Americans probably haven't noticed much of a change in airline ticket prices since oil began to plummet. They shouldn't hold their breath.
That's because airline investors are more likely to be the main beneficiaries for quite some time. With benchmark West Texas Intermediate crude at a five-year low near $55 a barrel, many airlines have seen their costs begin to fall significantly in the last few months. Fuel accounts for a hefty 35 percent or more of operating expenses, according to industry analysts, meaning the savings can add up fast.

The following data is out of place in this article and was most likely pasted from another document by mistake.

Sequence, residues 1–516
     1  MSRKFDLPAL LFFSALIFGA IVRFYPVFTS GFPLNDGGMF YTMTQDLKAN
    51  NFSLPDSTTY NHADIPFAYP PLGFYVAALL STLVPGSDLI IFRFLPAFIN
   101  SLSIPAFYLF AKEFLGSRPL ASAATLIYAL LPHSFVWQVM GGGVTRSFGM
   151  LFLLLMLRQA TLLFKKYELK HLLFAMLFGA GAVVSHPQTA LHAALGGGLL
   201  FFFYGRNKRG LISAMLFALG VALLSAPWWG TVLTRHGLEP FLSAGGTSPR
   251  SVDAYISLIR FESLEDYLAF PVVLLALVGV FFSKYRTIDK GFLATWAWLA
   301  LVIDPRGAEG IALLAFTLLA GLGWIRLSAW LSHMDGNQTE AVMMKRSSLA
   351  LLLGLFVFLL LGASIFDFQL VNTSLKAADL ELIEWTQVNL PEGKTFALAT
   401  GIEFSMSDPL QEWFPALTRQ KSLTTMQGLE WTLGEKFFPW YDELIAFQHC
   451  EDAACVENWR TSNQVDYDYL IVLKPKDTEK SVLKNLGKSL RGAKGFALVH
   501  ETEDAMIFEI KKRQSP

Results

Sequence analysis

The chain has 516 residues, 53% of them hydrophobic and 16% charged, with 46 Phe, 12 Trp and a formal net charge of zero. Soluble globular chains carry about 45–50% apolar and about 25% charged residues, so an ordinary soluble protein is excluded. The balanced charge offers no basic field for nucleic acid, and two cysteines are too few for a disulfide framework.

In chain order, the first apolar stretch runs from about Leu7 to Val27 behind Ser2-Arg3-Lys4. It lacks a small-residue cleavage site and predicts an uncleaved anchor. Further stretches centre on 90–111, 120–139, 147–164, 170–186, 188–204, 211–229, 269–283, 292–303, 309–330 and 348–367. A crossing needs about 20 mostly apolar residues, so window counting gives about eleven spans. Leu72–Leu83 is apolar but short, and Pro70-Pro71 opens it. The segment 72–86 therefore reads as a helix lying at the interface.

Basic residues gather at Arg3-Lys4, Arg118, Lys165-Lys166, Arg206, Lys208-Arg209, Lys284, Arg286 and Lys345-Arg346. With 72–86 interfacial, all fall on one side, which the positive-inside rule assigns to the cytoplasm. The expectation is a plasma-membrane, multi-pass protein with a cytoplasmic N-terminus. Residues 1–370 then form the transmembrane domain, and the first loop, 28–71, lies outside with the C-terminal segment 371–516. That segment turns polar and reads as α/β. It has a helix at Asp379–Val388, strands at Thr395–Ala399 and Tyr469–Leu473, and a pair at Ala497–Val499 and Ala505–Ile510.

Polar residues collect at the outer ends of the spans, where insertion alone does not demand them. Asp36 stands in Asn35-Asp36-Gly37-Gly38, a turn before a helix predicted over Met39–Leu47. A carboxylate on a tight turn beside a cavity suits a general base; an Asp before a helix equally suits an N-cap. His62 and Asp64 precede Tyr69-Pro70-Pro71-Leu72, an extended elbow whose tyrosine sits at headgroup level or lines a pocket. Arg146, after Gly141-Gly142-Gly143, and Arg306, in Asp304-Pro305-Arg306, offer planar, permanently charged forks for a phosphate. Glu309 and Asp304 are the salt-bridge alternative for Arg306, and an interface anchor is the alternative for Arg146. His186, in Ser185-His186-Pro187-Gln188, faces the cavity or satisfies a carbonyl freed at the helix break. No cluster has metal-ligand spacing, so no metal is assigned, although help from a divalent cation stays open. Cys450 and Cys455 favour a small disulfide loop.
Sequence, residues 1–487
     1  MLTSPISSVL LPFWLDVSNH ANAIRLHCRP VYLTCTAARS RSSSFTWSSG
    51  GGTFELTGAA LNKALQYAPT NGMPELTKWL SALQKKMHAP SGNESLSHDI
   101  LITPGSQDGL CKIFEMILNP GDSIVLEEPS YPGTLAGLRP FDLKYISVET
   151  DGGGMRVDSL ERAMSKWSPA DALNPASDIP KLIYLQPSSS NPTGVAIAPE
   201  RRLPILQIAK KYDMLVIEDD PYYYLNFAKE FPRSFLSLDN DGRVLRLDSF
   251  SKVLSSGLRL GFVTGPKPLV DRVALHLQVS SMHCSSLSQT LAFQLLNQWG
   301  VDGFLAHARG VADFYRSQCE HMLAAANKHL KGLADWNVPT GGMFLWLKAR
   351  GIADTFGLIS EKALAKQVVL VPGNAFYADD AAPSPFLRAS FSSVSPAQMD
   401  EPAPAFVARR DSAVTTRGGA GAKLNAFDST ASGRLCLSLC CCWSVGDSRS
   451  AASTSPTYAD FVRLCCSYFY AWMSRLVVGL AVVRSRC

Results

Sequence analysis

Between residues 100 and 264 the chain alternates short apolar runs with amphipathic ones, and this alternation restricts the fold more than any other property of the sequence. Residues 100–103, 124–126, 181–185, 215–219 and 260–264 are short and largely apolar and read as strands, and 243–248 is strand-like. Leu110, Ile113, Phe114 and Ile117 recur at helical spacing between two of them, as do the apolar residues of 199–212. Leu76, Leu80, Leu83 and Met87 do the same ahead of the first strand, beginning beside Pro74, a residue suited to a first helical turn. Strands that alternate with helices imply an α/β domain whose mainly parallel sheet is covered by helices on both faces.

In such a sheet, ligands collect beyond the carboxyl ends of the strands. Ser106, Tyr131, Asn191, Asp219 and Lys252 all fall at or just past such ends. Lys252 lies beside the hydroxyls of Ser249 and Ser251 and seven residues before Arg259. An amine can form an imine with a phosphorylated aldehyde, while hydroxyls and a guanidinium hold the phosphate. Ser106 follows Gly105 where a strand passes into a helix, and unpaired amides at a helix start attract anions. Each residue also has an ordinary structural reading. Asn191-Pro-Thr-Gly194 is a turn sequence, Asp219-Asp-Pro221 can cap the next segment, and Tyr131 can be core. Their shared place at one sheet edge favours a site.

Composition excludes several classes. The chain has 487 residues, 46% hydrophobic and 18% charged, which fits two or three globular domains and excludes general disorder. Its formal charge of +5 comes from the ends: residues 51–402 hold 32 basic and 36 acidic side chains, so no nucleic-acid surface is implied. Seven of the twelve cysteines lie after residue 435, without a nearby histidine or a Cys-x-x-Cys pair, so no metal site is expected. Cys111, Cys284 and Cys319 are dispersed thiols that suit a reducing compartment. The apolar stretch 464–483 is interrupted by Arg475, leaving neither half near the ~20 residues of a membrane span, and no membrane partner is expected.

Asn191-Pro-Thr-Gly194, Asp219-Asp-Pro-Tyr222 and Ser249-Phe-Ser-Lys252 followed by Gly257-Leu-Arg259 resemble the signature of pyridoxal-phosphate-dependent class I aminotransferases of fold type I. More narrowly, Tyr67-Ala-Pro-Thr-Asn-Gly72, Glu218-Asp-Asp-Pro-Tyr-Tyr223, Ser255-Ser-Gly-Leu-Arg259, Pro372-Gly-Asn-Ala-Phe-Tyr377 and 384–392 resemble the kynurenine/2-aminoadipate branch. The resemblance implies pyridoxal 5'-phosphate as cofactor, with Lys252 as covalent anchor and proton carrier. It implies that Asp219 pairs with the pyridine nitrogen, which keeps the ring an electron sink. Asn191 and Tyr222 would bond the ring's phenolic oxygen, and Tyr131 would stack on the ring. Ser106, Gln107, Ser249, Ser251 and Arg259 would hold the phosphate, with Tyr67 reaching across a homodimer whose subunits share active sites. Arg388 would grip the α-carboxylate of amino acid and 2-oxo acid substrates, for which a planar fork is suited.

In past cycles, airlines were often quick to lower ticket prices in response to lower oil prices. A big reason was that oil itself was tumbling amid weak economic demand. In tough times, airlines felt pressure to offer better deals to fill up their planes.